Two months have passed since the Christchurch shooting. Craccum reflects on the positive changes that have been made in the wake of one of New Zealand’s greatest tragedies.
Just four weeks after Prime Minister Jacinda Ardern announced plans to reform gun laws, Parliament passed ‘The Arms (Prohibited Firearms, Magazine and parts) Amendment Bill’. The bill put into action a series of sweeping changes to New Zealand’s gun laws.
The bill made it illegal for the majority of people to own most semi-automatic weapons (exceptions were given to pest controllers). It also closed a legal loophole that was exploited by the Christchurch shooter. The loophole allowed people to legally buy gun parts that, when combined, could form an illegal weapon. Finally, the bill created new firearms offences, some of which are punishable by ten-year jail sentences.
Only one member of parliament opposed its passing – David Seymour. Seymour said, while he supported the bill in theory, he was concerned with the speed at which it had been pushed through parliament. While most bills take between six months to a year to be decided on, this one was passed in just two weeks. 13,000 submissions from the public were sent in to Parliament before the bill was passed, but only one day was set aside to read them. Seymour said the rush which surrounded the bill meant democratic necessities – like consultation with the public – had been overlooked or pushed aside.
But Seymour’s dissent wasn’t enough to distract from the spectacle of a unified parliament. In a speech given shortly after the bill was passed, Ardern told the media “we are here as an almost entirely united Parliament… There have been very few occasions when I have seen Parliament come together in this way and I cannot imagine circumstances where that is more necessary than it is now.”
Plans are currently underway to initiate a government buy-back of semi-automatic weapons. The plan is expected to be put into place by the end of the year.
Following the shooting, social media websites like Facebook and Twitter came under fire for failing to remove white supremacist and extremist rhetoric from their sites. Under increased public scrutiny, media giant Facebook responded by deleting the accounts of several far-right extremists whom had previously used the site to promote their material.
Alex Jones, Milo Yiannopoulos, Laura Loomer, Paul Nehlam and Louis Farrakhan were all removed from the site. Alex Jones’ InfoWars page was also removed. Facebook said the accounts had been removed because they were “dangerous”. “We’ve always banned individuals or organizations that promote or engage in violence and hate, regardless of ideology,” Facebook said in a press statement released shortly after the removals were announced. “The process for evaluating potential violators is extensive and it is what led us to our decision to remove these accounts today.”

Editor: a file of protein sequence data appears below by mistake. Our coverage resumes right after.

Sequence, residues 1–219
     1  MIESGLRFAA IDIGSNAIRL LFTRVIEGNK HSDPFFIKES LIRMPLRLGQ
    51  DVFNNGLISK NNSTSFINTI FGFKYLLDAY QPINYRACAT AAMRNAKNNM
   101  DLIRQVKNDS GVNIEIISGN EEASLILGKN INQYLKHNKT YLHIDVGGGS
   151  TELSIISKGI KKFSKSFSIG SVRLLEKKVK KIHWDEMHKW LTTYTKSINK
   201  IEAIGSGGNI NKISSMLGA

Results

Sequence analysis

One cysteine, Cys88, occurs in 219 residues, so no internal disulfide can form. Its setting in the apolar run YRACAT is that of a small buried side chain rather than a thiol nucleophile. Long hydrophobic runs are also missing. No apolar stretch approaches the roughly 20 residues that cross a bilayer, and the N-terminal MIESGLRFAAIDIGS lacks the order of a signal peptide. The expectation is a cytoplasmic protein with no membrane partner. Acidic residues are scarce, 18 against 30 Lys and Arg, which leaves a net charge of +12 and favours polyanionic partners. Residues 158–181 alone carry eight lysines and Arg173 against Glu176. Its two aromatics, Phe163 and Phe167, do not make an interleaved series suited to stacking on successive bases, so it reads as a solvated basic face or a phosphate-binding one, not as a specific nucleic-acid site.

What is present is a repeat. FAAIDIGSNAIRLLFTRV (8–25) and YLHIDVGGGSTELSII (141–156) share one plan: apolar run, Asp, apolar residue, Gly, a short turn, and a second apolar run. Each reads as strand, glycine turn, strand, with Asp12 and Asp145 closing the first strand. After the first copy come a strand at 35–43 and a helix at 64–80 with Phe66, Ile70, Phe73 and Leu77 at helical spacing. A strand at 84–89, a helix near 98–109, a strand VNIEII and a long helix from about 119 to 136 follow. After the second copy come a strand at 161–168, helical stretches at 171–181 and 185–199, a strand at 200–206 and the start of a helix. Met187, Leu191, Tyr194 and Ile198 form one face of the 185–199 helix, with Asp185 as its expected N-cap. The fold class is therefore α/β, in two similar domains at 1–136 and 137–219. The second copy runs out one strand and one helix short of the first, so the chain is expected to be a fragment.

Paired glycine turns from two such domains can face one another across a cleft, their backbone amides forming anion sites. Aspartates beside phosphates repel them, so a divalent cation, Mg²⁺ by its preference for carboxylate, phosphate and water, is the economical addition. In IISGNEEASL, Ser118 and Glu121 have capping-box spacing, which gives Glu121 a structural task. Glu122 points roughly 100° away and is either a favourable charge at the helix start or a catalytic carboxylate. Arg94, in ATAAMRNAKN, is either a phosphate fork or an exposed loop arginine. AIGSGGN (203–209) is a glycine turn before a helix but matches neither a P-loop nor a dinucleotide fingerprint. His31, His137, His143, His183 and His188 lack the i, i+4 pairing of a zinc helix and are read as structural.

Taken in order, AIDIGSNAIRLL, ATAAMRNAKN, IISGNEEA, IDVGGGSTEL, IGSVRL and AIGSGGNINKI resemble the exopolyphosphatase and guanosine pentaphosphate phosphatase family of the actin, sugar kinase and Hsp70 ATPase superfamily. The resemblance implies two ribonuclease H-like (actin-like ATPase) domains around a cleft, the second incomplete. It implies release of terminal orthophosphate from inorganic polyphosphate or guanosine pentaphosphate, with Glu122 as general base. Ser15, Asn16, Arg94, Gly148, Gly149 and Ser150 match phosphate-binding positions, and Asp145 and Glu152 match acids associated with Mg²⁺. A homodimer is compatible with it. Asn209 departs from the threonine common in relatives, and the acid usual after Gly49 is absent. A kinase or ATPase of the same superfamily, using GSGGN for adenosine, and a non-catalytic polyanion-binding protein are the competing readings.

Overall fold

Jones’ InfoWars web-series was subject to the strictest ban. Facebook (and its subsidiary Instagram) removed all content which contained InfoWars videos, radio segments, or articles. Facebook also removed group and event pages which had been set up to promote the web series.
Facebook also put in place new rules around streaming. The company say the new regulations would have prevented the shooter from streaming his video in the first place.
Since Facebook instated the ban, Twitter, YouTube, and Apple have also banned Alex Jones and Infowars from their platforms. However, they have failed to remove many of the other speakers Facebook had taken action against.
At the beginning of this month, Ardern announced she would be unveiling the ‘Christchurch Call’. The call was a non-binding pledge onto which governments and companies could opt to sign themselves. Ardern said the call would “bring to an end the ability to use social media to organise and promote terrorism and violent extremism.”
The call was presented to governments and tech company representatives in a meeting in Paris. 17 governments and a handful of tech companies (including the likes of Facebook, Microsoft, Twitter and Google) signed on.
Notably absent was the United States of America. In a press statement released just hours before the conference was set to go ahead, an unnamed spokesperson for the White House said the USA would not be signing onto the agreement. “We maintain that the best tool to defeat terrorist speech is productive speech, and thus we emphasise the importance of promoting credible, alternative narratives,” the statement said. “We welcome the continued momentum provided by support for the Christchurch Call as we work with international partners towards our mutual objectives for an open, interoperable, reliable, and secure internet… [but] the United States is not currently in a position to join the endorsement.”
However, since it was initially unveiled, Ardern’s pledge has been criticised as being little more than window dressing. For one thing, the pledge is non-binding, meaning there are no legal repercussions for breaking it. For another, what the pledge actually does is unclear. It asks countries to “apply ethical standards” when dealing with media companies; in turn, companies are expected to take “specific measures” towards eliminating extremism on their sites. But what specific measures are they expected to take? And who will be determining whether or not countries’ standards are ethical? The call leaves these questions up in the air. Finally, while the pledge received a fairly positive response from Western governments and companies, it failed to gain traction in Asia, where billion-user companies like WeChat made headlines for failing to remove footage of the Christchurch shootings until days after the event.